If the manual is not available, look at the main power bus of the unit. An Inverter Only will have DC-IN and AC-OUT terminals.
An Inverter/Charger will also have AC-IN and DC-OUT terminals. Line service from the grid can be wired to the AC terminals to power the DC charging side of the unit.
Generator Power Through a Inverter Charger
In this scenario, a gasoline-powered generator takes the place of utility line power. The connections and operation of the Inverter/Charger will be the same.
The only difference is that you will need to start up the generator before turning on the Charge function of the Inverter/Charger.
The quality of the generator is a factor in this scenario. Inexpensive portable generators tend to have erratic fluctuations in their power output. This “noise” in the signal makes it inefficient.
In some extreme cases, the charger can not use the AC current produced to create DC power. If you pursue this course, be sure to purchase a quality generator that produces sufficient clean power to supply your system.
Utility Line Power Through a Stand-Alone Battery Charger
If your inverter is not also a charger, this is the next simplest path to charging a battery bank. You must purchase a charger of the correct DC voltage.
The charger voltage must match your system voltage (12, 24, 48).
The charger must also have a charge rate appropriate to your battery bank’s Ah capacity.
For example: If your battery bank is 24 Volts DC with a 400 Ah capacity, you will need a 24-volt charger with a charging rate of 40 amps or less.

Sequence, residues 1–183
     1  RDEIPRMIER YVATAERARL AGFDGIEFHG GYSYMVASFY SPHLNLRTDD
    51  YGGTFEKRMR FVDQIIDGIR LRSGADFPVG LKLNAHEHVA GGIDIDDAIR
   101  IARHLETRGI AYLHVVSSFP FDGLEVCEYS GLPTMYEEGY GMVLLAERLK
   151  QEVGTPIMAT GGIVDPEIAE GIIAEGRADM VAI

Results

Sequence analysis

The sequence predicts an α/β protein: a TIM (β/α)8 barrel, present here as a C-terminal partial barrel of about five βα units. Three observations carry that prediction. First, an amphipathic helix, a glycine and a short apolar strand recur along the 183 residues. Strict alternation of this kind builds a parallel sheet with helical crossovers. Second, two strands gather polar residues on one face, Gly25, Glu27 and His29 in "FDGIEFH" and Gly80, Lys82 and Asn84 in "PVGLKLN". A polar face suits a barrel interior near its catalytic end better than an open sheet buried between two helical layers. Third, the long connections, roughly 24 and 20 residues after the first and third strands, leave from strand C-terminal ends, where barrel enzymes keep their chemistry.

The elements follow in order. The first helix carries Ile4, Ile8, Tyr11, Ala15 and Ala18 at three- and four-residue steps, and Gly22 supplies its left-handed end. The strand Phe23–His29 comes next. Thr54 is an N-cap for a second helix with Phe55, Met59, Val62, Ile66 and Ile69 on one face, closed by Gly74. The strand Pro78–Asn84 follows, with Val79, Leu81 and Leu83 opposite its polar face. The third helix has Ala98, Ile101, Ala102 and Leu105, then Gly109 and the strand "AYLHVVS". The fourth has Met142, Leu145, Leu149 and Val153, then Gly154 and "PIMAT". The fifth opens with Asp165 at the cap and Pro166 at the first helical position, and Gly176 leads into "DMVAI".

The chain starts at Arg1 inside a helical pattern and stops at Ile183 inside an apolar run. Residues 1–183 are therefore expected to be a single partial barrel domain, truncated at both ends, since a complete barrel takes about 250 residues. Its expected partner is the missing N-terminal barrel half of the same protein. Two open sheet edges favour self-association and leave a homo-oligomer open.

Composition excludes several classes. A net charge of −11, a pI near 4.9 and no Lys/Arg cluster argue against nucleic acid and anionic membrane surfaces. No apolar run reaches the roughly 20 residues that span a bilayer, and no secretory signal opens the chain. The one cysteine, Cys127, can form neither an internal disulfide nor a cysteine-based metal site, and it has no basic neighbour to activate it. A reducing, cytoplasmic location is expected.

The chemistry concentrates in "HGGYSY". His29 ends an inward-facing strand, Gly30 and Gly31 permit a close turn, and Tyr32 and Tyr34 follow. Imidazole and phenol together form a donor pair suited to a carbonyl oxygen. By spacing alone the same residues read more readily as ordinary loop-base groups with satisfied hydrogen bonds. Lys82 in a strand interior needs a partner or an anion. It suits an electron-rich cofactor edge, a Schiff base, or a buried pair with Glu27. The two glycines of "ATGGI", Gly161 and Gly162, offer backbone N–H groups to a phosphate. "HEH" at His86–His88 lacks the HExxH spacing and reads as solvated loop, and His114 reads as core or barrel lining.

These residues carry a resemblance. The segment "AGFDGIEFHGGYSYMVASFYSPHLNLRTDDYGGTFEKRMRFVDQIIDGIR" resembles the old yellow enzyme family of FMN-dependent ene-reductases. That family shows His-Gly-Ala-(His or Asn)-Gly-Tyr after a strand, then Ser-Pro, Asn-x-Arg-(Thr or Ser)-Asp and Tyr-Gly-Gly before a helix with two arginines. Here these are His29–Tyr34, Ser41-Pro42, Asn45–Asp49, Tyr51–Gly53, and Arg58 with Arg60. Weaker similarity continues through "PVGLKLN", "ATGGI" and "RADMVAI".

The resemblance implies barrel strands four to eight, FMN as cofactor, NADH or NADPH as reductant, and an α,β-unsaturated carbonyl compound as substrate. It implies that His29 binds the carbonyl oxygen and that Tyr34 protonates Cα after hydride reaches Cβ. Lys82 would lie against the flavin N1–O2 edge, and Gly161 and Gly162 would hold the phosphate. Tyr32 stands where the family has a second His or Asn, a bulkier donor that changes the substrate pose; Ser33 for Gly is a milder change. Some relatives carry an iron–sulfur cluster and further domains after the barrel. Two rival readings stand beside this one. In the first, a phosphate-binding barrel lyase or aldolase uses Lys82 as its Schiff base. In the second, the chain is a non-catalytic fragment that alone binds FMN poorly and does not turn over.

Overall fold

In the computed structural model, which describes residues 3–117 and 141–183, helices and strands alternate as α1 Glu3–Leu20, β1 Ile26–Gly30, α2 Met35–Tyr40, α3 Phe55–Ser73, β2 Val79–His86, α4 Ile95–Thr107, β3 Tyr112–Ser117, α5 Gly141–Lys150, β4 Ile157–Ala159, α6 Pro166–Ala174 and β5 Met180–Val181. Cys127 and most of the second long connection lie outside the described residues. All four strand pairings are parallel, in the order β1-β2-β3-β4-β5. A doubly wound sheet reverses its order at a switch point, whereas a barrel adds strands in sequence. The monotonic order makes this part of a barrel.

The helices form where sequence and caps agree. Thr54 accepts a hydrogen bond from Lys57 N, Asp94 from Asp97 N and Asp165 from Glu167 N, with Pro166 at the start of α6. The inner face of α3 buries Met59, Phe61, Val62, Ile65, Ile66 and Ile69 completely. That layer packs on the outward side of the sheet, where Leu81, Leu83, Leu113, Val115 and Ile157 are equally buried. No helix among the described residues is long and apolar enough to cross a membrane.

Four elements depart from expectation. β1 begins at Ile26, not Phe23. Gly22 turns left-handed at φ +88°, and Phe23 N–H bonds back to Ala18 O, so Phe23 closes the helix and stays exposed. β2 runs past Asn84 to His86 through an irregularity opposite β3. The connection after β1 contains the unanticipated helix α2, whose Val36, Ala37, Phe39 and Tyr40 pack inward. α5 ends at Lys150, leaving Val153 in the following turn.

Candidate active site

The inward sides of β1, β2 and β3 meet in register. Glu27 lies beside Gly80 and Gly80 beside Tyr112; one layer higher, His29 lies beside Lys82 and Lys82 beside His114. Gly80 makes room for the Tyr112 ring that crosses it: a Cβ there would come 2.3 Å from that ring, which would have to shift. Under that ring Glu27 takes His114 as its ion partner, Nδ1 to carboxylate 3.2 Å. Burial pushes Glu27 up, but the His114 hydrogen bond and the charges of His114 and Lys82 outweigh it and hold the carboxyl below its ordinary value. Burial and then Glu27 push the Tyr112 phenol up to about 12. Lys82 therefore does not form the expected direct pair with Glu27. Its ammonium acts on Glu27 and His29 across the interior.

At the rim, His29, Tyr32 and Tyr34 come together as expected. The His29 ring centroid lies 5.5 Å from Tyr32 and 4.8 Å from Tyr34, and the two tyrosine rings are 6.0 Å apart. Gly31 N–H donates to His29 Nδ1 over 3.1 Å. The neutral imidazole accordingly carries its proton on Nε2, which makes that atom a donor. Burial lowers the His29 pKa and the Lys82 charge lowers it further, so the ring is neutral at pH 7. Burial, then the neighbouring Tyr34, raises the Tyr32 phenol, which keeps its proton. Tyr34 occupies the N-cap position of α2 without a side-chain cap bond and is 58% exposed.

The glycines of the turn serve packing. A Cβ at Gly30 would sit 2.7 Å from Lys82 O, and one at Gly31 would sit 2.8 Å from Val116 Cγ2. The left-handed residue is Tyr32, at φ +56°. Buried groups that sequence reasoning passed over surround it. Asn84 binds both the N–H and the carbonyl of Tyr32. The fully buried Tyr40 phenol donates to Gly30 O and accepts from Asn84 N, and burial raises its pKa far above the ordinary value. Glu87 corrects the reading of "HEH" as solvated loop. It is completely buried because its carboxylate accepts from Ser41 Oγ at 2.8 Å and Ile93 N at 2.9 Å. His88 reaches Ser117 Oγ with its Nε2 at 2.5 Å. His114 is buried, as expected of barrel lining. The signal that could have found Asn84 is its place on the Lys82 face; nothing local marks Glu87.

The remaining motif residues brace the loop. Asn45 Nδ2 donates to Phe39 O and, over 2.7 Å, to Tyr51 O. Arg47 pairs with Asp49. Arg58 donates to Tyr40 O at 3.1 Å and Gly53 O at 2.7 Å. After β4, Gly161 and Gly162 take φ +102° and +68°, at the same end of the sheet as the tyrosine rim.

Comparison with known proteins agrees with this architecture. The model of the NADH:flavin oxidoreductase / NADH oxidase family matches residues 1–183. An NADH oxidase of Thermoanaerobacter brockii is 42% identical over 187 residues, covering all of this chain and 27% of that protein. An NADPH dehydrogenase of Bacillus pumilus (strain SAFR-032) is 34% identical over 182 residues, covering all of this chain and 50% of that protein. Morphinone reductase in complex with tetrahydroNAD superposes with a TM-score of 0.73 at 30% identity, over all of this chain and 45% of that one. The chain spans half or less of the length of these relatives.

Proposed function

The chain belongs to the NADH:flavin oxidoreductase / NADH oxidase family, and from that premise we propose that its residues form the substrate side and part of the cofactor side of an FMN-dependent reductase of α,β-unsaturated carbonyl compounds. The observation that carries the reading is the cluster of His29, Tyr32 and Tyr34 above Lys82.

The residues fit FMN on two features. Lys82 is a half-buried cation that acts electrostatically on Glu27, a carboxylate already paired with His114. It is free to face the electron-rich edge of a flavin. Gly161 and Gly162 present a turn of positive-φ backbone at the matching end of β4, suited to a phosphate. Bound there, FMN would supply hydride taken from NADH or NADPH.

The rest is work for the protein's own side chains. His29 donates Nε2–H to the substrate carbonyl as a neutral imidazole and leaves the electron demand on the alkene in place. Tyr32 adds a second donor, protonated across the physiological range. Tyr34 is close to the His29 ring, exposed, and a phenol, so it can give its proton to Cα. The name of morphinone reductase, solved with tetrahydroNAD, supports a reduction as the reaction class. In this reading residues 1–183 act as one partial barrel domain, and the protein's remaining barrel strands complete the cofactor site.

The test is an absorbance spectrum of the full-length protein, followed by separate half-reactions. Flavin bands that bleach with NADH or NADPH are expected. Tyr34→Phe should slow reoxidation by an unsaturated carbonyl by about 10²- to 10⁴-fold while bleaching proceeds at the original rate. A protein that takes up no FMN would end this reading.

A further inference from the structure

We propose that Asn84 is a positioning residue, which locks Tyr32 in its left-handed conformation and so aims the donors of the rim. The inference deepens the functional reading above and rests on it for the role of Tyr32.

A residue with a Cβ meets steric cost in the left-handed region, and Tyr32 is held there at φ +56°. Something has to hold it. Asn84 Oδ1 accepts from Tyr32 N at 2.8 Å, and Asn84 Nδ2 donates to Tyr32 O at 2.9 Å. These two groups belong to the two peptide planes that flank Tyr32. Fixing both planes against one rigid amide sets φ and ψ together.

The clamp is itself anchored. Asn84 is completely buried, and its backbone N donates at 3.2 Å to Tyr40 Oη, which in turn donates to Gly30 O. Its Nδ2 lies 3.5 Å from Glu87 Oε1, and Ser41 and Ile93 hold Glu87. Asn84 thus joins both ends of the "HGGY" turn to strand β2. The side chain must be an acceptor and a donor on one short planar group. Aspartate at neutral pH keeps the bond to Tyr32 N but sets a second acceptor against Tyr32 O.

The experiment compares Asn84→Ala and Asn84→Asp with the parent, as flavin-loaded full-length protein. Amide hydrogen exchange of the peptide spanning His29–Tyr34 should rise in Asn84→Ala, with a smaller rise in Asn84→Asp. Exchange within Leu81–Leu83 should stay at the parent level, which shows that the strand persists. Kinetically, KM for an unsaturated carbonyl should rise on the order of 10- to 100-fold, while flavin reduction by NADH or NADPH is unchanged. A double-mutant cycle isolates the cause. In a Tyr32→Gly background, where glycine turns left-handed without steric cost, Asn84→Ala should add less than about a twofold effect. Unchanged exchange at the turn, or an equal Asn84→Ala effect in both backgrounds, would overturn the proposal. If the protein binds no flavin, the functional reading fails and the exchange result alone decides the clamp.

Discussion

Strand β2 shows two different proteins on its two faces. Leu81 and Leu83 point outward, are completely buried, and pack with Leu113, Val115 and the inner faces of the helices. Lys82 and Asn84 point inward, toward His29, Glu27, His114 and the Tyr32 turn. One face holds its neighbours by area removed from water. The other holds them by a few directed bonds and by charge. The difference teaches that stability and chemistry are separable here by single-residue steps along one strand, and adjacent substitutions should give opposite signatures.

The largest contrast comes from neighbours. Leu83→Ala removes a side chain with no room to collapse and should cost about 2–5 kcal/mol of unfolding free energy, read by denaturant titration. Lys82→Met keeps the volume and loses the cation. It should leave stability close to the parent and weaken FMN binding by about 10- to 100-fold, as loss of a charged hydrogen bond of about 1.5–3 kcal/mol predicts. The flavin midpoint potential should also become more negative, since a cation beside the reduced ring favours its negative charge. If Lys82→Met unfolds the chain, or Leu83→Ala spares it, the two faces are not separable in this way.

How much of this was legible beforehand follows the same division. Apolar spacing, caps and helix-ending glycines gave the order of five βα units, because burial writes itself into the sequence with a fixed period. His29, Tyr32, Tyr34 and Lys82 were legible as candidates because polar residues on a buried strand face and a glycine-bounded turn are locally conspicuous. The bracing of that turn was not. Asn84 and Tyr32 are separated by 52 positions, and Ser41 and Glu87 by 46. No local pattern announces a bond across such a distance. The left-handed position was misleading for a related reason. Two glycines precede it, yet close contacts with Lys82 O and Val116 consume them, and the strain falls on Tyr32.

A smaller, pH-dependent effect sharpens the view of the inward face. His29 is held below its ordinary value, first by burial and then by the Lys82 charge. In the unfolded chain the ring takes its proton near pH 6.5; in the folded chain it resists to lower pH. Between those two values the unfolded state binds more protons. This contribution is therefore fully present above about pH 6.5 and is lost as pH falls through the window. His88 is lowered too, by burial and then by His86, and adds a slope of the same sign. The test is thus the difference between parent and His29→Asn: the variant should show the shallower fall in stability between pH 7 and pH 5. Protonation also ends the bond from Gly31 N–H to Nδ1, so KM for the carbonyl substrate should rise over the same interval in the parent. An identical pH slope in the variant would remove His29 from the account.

A charge rate below 40 amps is acceptable. It will just take a little longer to charge your bank.
It can be tricky to find a charger with the exact amp rating. Most stand-alone chargers have rate settings of 2, 5, and 25.
Generator Power Through a Stand-Alone Battery Charger
Again, this scenario simply replaces Utility Line power with a generator. The same guidelines apply.
On the plus side, stand-alone chargers tend to be a little less temperamental about AC-IN current than Inverter/Chargers are. Any good quality generator of sufficient power will be adequate.
Using A Stand-Alone Battery Charger
It is best to charge the battery bank when not in use. Fluctuations in battery voltage will confuse a stand-alone charger and it may not operate correctly.
It would be wise to turn off your inverter for this process
When using the stand-alone charger, you must manually hook the charger to the battery bank. You will first need to find the Positive and Negative terminals of the battery bank as we discussed earlier.
Follow the manufacturer’s guidelines to set the unit appropriately and connect to the terminals as instructed.
Every unit is different. Do not assume the sequence is the same as chargers you may have used in the past.
DC Generator With Charge Controller
The use of a DC generator is a viable option. However, the DC circuit on a typical consumer generator is almost always 12 volts, has low current, and is unregulated.
There are full-power DC generators available. They tend to be quite expensive and fairly elusive. If you were to come by a DC generator of the appropriate voltage, it could be used to charge a battery bank.
It would require a charge controller similar to the one that charges your batteries now. I would not suggest using the controller from your array for this purpose.
It would be best to find a controller intended for mechanically driven power sources.
Such a device would be quite similar to your array controller but would have an input structure intended for a mechanically generated power supply.
Solar power is a tool we use to get off the grid, save fuel, and cut down on pollution. However, solar power is not perfect.
Sometimes we may need a mechanical backup to help it out. We should not fret over reverting to gas or the grid for a few hours once in a while. Good Luck. Be safe. Have fun.